Readers may recall that last week
, I purchased a new Dell laptop. I wasn't the only person I know to pad Dell's bottom line last week, either. A coworker — my guru-in-training
, actually, who goes by the name of Matt — here at work bought one also. (Although his notebook will be tons nicer than mine.)
When I purchased my laptop online, I charged it to my rewards-paying credit card. Everything went ultra-smooth. Matt, conversely, billed his order to his debit card. (Without a general-use credit card, he didn't have much choice.) And thanks to that, he received a first-person lesson in why debit cards can lousy choices for large purchases.
I detailed this problem with debit cards in another article, entitled "Death of a Debit Card."
I'm sure not the first person to note that big purchases and debit cards don't always get along real well.
Since this particular instance hits a little closer to home, I'd like to run through it here. The blow-by-blow went something like this:Tuesday, Aug. 16Matt visits his bank, depositing funds in bank account and requesting withdrawal-limit raise.
Places order for computer, using debit card.
Dell attempts to withdraw entire purchase amount (~$1900) from account. This fails.
Matt receives email from Dell, notifying that the withdrawal failed.
Wednesday, Aug. 17
Matt checks his account. Full balance shows as available. Calls Dell.
Over the phone, Matt authorizes Dell to withdraw one transaction of ~$950 (roughly half the invoice amount) from his checking account. He is to call back the next day to authorize the second installment.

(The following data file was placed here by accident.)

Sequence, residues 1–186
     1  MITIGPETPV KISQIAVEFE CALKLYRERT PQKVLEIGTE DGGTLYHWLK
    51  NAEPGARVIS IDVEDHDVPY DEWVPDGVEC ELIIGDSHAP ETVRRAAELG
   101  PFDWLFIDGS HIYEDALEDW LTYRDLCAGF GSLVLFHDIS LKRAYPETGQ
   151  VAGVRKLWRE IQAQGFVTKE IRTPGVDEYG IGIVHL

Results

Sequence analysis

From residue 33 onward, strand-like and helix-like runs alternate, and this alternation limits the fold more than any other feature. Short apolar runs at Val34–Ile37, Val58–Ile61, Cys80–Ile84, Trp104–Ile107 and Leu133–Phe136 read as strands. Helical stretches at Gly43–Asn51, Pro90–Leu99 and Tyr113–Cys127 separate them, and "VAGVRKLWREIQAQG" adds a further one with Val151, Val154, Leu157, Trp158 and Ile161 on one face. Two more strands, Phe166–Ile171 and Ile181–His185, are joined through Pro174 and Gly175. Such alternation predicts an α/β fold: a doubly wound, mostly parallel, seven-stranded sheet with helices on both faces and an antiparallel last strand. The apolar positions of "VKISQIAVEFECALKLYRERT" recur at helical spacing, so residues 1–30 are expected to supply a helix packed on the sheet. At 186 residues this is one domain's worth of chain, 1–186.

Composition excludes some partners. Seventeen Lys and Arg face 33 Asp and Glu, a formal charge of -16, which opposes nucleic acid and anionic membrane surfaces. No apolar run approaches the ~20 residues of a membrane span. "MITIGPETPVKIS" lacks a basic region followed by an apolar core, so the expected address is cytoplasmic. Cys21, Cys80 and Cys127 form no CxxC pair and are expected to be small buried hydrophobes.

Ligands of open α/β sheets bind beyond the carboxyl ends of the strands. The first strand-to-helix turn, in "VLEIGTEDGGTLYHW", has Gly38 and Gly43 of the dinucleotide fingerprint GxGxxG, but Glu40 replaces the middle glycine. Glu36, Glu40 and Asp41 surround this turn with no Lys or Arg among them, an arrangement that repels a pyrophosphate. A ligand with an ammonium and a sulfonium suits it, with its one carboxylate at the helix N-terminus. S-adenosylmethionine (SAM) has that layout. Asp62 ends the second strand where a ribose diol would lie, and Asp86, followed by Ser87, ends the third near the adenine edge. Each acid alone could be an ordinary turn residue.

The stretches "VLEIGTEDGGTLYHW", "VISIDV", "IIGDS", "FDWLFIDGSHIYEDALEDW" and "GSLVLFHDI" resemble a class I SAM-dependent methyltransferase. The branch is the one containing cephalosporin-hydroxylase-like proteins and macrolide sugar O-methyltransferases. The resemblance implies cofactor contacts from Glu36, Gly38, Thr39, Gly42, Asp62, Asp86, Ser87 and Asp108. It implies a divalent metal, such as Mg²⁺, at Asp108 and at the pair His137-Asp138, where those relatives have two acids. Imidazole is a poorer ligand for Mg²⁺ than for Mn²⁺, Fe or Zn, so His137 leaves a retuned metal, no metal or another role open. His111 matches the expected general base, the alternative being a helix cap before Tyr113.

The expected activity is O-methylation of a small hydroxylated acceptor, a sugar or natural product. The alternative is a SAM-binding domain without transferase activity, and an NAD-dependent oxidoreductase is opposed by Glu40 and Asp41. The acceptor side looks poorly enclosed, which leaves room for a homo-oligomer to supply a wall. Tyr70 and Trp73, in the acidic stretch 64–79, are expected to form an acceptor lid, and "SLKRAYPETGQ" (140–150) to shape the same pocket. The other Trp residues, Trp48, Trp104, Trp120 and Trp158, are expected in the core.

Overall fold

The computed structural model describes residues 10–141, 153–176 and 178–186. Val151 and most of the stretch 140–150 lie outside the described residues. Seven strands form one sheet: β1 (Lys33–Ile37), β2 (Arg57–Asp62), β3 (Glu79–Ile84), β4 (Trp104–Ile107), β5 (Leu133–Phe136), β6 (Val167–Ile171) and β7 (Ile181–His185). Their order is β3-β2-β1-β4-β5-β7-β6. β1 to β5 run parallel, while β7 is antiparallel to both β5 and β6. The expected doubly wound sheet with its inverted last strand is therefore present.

Later, another email arrives from Dell, identical to that of Tuesday. They had attempted to preauthorize the funds, it said, and failed.
Thursday, Aug. 18
Matt's account now shows two separate $950 transactions from Dell, for a total of ~$1900. He calls Dell, checking to make sure that everything is okay — and that he isn't going to be billed for yet another $950, as per the previous day's phone call. Dell says that everything is fine, and that they will resolve any problem with his bank.
Matt calls the bank to explain the situation. The banks tells him that Dell attempted to debit the full order amount ($1900) from his account, then later tried to debit half the order amount ($950). The bank tells him that the 50% amount is just a preauthorization, and that it may not go through. Even if it does, they assure him, they will not charge any overdraft fees.
At roughly 10:30pm, Matt attempts to use his debit card at a restaurant. It declines.
Friday, Aug. 19
Matt tries to use his debit card for lunch; it declines again. He heads for the bank to withdraw some cash via teller. The teller informs him that his balance is -$441.
Back at work, Matt checks his account. It now shows three preauthorized charges of $950 each. The bank tells him he must wait another 24 hours before he can have access to funds. (Standard banking procedure to allow for any preauthorizations to clear.)
Evening finds Matt borrowing money from a friend for gas and food.
Saturday, Aug. 20
Checking account returns to usable status.
So what might one do to avoid a mess like this?
(1) Use a credit card for large purchases. And pay them off before interest accrues, of course. Even though guys like Dave Ramsey swear there is absolutely no need to own a credit card, I'm here to say that that's a stupid idea. Thanks to Matt's situation above, as well as my job, I've seen debit-card users unnecessarily inconvenienced way too many times. So I cannot encourage a debit-card-only existence. A general-purpose credit card, coupled with some financial discipline, takes care of the issue entirely.
(2) Open a second checking account, and use it for nothing other than large purchases. Another coworker employs this plan, and it's been successful for them so far. Whenever she plans to make a big purchase, she transfers money from her savings account to a second checking (debit-card enabled) account with the same bank. She uses the debit card associated with that second account to make the purchase. This way, if there are problems, only the second account is tied up, leaving her main checking account free for all the usual stuff.
Labels: Banking, Credit Cards, Debit Cards